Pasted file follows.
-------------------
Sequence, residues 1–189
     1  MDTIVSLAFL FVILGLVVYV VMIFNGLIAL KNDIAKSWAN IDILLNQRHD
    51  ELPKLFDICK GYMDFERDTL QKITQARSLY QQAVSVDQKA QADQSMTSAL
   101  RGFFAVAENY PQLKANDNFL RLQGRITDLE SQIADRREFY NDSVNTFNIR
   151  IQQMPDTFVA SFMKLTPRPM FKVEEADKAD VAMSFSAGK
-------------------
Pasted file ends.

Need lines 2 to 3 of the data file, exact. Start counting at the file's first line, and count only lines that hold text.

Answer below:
     1  MDTIVSLAFL FVILGLVVYV VMIFNGLIAL KNDIAKSWAN IDILLNQRHD
    51  ELPKLFDICK GYMDFERDTL QKITQARSLY QQAVSVDQKA QADQSMTSAL